Everyday sexism can be expressed in different manners.  Expressions can come in the form of nonverbal behavior, overt comments, or actions.  Nonverbal behavior are not by definition sexist but can be sexist.  So, for instance, staring is not necessarily sexist but it can be when it is demeaning and threatening.  People generally know when staring turns from interest to threat, such as, if it does not stop when one conveys discomfort about having one's breasts stared at or if it is accompanied by comments or gestures denoting offensive sexual acts.  Further, not all overt comments and actions are sexist.  For instance, helping women is not by definition sexist but helping can be sexist if it undermines a woman’s ability to learn a skill, do her work, or communicates a lack of confidence in her abilities. 

Men and women both experience everyday sexism though women report more experiences than men. 

What did we do in our studies?

Participants in the United States and Germany 1) reported their observations of examples of incidents that could be interpreted as sexist OR incidents not likely to be seen as sexist and 2) thought about how the people involved in the incident felt OR did not thing about this (or in two studies published elsewhere, were told what might be offensive about the examples of sexism or not told this).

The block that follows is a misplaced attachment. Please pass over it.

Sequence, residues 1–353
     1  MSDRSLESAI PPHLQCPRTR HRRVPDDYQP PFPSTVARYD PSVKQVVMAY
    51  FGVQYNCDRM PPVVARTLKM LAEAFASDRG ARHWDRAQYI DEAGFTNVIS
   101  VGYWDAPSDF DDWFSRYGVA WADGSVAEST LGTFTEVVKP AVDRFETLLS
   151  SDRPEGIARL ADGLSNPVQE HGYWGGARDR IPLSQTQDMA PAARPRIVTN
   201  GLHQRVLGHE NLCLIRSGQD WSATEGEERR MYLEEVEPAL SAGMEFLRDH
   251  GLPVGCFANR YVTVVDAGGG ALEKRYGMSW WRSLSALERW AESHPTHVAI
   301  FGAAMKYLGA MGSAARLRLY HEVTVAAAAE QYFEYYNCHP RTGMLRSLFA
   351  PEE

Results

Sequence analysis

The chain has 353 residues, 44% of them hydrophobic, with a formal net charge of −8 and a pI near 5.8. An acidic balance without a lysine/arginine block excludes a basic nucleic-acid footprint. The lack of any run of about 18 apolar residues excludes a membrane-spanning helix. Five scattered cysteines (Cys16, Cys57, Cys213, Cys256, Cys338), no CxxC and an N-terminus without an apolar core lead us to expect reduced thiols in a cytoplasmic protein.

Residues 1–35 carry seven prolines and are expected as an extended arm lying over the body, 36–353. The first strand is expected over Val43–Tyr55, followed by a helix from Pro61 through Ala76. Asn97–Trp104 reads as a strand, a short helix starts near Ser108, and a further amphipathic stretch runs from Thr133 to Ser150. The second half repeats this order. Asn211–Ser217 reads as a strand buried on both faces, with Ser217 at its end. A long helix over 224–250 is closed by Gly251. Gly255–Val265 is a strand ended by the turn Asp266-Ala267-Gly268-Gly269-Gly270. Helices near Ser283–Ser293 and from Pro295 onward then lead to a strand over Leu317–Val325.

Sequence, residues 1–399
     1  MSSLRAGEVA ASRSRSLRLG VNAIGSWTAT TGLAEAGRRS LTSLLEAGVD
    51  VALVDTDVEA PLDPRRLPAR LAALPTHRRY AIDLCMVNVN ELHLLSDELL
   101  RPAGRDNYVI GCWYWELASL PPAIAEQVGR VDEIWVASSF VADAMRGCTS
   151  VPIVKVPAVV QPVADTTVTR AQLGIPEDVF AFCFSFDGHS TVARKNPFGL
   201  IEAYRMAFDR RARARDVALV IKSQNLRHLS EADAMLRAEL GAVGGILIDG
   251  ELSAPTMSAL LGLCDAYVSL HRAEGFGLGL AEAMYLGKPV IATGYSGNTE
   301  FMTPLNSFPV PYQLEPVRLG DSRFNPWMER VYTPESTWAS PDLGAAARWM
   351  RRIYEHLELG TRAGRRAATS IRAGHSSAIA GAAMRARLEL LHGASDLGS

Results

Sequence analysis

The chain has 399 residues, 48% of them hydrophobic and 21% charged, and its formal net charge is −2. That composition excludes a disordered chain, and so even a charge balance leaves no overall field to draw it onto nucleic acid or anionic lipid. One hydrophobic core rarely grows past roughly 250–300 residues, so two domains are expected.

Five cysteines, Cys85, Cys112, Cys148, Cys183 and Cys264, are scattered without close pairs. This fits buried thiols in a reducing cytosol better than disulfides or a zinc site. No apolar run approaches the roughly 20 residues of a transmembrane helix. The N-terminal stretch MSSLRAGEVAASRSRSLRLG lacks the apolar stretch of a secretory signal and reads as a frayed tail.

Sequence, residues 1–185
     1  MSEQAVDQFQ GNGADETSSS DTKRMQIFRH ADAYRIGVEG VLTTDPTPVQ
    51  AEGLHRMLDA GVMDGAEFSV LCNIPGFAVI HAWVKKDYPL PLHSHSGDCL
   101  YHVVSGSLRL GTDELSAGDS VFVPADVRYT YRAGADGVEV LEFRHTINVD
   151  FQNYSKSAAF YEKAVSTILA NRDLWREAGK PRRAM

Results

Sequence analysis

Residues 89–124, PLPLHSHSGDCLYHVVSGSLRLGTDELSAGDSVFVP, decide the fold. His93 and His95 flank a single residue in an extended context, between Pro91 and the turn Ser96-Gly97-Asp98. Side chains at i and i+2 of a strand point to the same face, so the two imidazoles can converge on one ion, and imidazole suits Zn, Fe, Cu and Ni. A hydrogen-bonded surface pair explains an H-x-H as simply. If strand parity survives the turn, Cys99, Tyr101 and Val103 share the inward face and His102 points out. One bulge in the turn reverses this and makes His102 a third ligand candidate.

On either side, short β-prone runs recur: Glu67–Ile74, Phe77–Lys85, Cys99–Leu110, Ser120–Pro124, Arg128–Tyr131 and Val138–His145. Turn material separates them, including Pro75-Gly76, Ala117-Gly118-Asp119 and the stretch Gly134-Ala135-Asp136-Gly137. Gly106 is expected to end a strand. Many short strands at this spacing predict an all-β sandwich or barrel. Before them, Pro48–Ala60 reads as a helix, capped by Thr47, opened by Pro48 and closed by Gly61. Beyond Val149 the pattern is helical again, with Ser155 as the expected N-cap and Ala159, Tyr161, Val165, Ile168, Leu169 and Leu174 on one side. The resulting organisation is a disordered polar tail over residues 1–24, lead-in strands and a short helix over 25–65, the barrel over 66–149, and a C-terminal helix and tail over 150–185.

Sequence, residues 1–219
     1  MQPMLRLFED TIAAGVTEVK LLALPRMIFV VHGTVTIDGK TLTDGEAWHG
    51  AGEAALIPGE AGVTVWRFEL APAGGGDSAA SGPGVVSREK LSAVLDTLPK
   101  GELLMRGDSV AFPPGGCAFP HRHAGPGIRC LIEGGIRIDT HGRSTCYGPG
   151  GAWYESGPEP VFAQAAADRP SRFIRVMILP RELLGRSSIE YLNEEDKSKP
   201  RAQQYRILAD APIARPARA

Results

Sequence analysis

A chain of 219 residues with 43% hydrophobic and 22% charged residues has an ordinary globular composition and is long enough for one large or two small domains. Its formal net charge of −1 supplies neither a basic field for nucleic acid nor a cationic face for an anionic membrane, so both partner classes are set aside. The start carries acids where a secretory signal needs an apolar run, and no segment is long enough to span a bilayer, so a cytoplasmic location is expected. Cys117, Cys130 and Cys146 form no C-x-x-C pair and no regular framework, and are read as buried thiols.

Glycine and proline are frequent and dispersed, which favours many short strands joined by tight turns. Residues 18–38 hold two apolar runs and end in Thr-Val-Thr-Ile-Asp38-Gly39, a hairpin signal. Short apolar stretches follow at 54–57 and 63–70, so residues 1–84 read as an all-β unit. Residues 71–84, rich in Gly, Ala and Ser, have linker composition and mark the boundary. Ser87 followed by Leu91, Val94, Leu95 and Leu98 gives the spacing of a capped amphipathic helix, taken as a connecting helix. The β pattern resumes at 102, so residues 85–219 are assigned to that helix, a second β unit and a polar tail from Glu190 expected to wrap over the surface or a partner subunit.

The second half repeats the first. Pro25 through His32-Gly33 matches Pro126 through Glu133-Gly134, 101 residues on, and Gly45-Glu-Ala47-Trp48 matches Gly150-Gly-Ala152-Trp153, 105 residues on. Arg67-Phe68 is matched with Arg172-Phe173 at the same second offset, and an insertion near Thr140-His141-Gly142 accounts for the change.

In order to understand what people were reporting, we checked the types of incidents people reported.  Of those who were asked to report examples of incidents that could be interpreted as being sexist and, of the incidents participants reported that they thought were sexist, the most frequent type of incidents reported were 1) demeaning names (e.g., being called a bitch or faggot); 2) unwanted sexual attention; or 3) being stereotyped. They reported their observations of sexism, the incidents did not have to be directed at the participant themselves.  Women and men reported incidents directed at both women and men, though, overall more incidents were directed at women than men.  These descriptions were not the results of the study.  They help clarify what types of incidents participants were thinking about and we thought might affect beliefs about sexism.

Testing our hypotheses, at a later time, we measured whether participants would or would not endorse different types of sexist beliefs and sign or not sign a petition to implement a program to teach about sexism.

What did we learn in our research?

Women who pay attention to sexism were subsequently more likely to think that it is important to address sexism and less likely to endorse various types of sexist beliefs.

Men do so as well, but they need to think about the harm the incidents cause by either considering how the person who was the target of the incident feels or having the harm explained to them, particularly when incidents are consistent with Benevolent sexism. 

Why did some people become upset about our research?

Some news media did not present the study accurately. You can see Janet Swim's response to such a comment published in the USA Today here.

You can see a more accurate description of the study here (Science daily).

You can find a positive response here (August 2011 The Psychologist, 24 (8), 563)